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Turkey pushes 'fresh' military operation in Idlib

March 1, 2020

Syria has closed its airspace in Idlib province after Turkey downed two Syrian planes in the area. EU defense ministers will hold an 'extraordinary" meeting next week to find a solution to the crisis.

Turkish and rebel troops in Idlib
Image: AFP/H. Kadour

Turkey said Sunday it has "successfully" continued its military operation against the Syrian regime in northwest Syria. The announcement comes as the Russian-backed Syrian military closed its airspace in flashpoint areas, as tensions rise with neighboring Turkey, which supports rebels groups in the region. 

"We don't have the desire or intention to clash with Russia," Turkish Defense Minister Hulusi Akar said on Sunday, marking the first time Ankara has confirmed a full and continuing operation. 

Violence between the two sides erupted days earlier when Syrian airstrikes killed 34 Turkish soldiers in the province of Idlib. Turkey retaliated with deadly airstrikes targeting regime forces.

Two Syrian jets downed by Turkey

Syrian state media said that Turkish forces shot down two Syrian jets on Sunday, but the pilots ejected with parachutes. Earlier Turkish media claimed that one jet was shot down.

The Syrian army earlier said it had downed a Turkish drone over the town of Saraqeb.

Read more: What you need to know about the escalation in Syria's Idlib

EU defense ministers call "extraordinary" meeting over crisis

EU defense ministers will hold an "extraordinary" meeting next week over the fallout from the conflict.

The blocs foreign policy chief Josep Borrell announced the meeting in a tweet, adding that "ongoing fighting is a serious threat to international peace and security and causing untold human suffering."

Borrell called on all parties to "urgently re-engage in a political process," adding that the EU must "continue mobilizing resources to reduce the suffering of the civilian population."

The meeting will be held "in particular at the request of the Minister of Foreign Affairs of Greece," read a statement from the EU, linked in Borrell's tweet.

The statement called on the EU to "redouble efforts to address this terrible human crisis with all the means at its disposal."

What is going on in Idlib?

Idlib province is the last rebel stronghold in Syria. Rebels are supported by Turkey while Syrian President Bashar Assad's government is supported by Russia. 

"Our intention is to stop the regime's massacres and prevent ... migration," Akar said.

"We expect Russia to stop the regime's attacks and to use their influence to ensure the regime withdraws to the borders of the Sochi agreement."

The Britain-based Syrian Observatory for Human Rights, which is monitoring the war through a network of activists on the ground, said Turkish drone strikes killed 26 Syrian soldiers in northwest Syria on Saturday.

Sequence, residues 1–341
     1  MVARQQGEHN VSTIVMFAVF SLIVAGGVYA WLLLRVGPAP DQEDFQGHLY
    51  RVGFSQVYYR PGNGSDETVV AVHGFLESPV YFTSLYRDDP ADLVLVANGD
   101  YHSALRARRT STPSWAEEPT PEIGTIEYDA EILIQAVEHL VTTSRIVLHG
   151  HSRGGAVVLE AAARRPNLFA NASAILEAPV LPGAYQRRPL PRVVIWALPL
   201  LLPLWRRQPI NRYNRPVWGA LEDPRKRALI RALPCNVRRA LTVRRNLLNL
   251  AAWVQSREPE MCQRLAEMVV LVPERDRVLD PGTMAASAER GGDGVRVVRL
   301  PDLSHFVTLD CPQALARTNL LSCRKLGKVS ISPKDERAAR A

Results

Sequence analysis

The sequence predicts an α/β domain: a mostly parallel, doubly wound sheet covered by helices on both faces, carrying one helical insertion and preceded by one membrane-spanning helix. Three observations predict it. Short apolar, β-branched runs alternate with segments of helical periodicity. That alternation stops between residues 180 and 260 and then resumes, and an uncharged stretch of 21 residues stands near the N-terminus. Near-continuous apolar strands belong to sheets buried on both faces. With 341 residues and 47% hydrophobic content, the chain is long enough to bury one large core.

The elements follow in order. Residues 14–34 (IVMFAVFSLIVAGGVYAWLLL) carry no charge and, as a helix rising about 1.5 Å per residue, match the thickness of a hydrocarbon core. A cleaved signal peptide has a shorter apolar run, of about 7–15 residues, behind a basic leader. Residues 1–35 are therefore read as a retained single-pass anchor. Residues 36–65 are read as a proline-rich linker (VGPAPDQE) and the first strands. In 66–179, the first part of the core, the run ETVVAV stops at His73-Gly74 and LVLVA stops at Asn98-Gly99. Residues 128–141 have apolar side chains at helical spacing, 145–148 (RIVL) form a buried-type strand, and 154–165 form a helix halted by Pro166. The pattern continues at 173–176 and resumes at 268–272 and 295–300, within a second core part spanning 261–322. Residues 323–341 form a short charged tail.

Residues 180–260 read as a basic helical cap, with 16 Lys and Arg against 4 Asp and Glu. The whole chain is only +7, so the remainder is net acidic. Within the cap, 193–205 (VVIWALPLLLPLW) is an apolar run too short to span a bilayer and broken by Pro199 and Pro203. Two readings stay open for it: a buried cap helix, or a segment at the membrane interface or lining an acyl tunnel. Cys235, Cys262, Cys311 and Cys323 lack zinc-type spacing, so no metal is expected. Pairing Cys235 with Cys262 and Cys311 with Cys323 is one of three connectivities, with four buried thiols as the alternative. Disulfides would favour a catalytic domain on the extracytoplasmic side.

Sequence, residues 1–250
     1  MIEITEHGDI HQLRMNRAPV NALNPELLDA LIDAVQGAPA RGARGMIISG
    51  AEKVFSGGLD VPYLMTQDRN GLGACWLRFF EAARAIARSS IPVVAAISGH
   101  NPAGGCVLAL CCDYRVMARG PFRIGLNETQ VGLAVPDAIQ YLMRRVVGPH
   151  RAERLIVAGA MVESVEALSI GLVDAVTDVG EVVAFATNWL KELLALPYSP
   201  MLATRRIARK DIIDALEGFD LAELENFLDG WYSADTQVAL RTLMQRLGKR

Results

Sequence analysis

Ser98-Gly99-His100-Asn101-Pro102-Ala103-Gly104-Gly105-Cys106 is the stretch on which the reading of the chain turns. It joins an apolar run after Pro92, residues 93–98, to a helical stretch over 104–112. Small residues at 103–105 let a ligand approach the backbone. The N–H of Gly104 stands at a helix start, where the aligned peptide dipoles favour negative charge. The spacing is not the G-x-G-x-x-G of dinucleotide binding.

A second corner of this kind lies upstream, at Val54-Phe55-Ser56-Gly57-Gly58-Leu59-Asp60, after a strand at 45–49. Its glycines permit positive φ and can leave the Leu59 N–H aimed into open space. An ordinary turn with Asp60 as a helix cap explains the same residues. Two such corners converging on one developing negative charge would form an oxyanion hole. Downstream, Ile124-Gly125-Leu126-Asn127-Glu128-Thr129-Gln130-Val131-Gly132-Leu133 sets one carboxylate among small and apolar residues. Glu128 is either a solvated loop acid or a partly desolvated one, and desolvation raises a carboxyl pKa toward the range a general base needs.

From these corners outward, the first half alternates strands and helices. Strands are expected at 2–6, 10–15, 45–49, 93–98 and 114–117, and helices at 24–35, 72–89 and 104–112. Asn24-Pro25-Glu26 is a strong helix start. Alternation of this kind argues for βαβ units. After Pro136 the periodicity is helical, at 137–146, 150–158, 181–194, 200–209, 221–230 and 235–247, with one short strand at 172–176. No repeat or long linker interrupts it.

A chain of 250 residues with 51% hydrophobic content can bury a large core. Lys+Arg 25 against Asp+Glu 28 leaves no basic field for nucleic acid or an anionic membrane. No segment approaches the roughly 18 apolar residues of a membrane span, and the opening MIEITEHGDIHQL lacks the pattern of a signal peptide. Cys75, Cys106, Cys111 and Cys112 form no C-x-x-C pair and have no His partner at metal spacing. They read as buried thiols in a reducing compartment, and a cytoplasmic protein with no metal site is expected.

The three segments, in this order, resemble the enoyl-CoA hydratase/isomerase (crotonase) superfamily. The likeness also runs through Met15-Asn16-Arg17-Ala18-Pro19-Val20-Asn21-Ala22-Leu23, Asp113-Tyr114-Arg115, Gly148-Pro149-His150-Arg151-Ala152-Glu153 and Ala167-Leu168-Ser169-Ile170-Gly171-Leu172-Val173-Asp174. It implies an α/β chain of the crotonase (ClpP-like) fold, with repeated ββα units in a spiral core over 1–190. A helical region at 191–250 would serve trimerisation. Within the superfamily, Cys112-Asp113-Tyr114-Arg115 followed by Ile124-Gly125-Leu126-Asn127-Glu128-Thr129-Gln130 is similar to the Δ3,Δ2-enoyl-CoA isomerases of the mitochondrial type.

Read more: Idlib: 'I'd rather suffer bombs than Assad'

Russian journalists detained

Tensions between Turkey and Russia have been growing. Russian state news agency Sputnik reported on Sunday that four of their journalists in Turkey, including the agency's editor-in-chief, Mahir Boztepe, had been "attacked in their homes" and detained.The journalists were questioned in connection with the attacks while investigators raided Sputnik's office. They were later released after a phone call between the foreign ministers of the two countries. 

Position of Idlib within Syria
Position of Idlib within Syria

Both Russian state news agencies RIA and TASS reported that retaliation measures against Turkish media in Russia would follow, citing an unnamed Russian diplomat. 

The Journalists' Union of Turkey condemned the detentions, tweeting: "Journalists cannot be made to pay for the tension between states."

Volatile airspace

The Syrian military threatened to target any aircraft spotted in closed airspace in the country's northwest. "Any aircraft violating our airspace will be treated as hostile that must be shot down," a Syrian military source said to state news agency SANA on Sunday.

"Forces of the Turkish regime continue to implement hostile acts against our armed forces operating in the province of Idlib and its surroundings," the source said.

Following the warnings, Turkey shot down two Syrian warplanes. "One anti-aircraft system that shot down one of our armed drones and two other anti-aircraft systems have been destroyed, and two SU-24 regime planes that were attacking our aircraft have been downed," Turkey's defense ministry said.

The claim was confirmed by Britain-based war monitor Syrian Observatory for Human Rights, while Syrian state media said that Turkish forces had "targeted" two of its planes over Idlib.

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lc,kmm,ed/stb (AP, AFP, Reuters)